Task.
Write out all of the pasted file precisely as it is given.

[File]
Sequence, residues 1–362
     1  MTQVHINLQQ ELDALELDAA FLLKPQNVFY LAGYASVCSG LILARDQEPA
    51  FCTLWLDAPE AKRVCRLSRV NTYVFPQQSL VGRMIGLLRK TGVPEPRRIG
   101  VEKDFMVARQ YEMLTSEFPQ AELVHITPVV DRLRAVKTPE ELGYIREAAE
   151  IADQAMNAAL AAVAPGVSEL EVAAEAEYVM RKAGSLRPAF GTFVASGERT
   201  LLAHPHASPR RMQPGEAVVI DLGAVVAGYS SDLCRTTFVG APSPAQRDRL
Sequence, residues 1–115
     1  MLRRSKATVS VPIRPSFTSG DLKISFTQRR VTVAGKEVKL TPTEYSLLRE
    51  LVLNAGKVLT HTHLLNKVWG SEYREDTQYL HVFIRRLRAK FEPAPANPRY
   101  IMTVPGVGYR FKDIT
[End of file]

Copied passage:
Sequence, residues 1–362
     1  MTQVHINLQQ ELDALELDAA FLLKPQNVFY LAGYASVCSG LILARDQEPA
    51  FCTLWLDAPE AKRVCRLSRV NTYVFPQQSL VGRMIGLLRK TGVPEPRRIG
   101  VEKDFMVARQ YEMLTSEFPQ AELVHITPVV DRLRAVKTPE ELGYIREAAE
   151  IADQAMNAAL AAVAPGVSEL EVAAEAEYVM RKAGSLRPAF GTFVASGERT
   201  LLAHPHASPR RMQPGEAVVI DLGAVVAGYS SDLCRTTFVG APSPAQRDRL
Sequence, residues 1–115
     1  MLRRSKATVS VPIRPSFTSG DLKISFTQRR VTVAGKEVKL TPTEYSLLRE
    51  LVLNAGKVLT HTHLLNKVWG SEYREDTQYL HVFIRRLRAK FEPAPANPRY
   101  IMTVPGVGYR FKDIT